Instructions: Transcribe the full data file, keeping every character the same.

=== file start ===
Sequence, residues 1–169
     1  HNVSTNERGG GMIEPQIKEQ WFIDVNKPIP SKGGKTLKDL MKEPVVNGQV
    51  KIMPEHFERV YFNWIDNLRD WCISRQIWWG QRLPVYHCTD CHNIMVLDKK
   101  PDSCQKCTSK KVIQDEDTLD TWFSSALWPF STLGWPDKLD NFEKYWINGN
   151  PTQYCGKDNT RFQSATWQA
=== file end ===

Sequence, residues 1–169
     1  HNVSTNERGG GMIEPQIKEQ WFIDVNKPIP SKGGKTLKDL MKEPVVNGQV
    51  KIMPEHFERV YFNWIDNLRD WCISRQIWWG QRLPVYHCTD CHNIMVLDKK
   101  PDSCQKCTSK KVIQDEDTLD TWFSSALWPF STLGWPDKLD NFEKYWINGN
   151  PTQYCGKDNT RFQSATWQA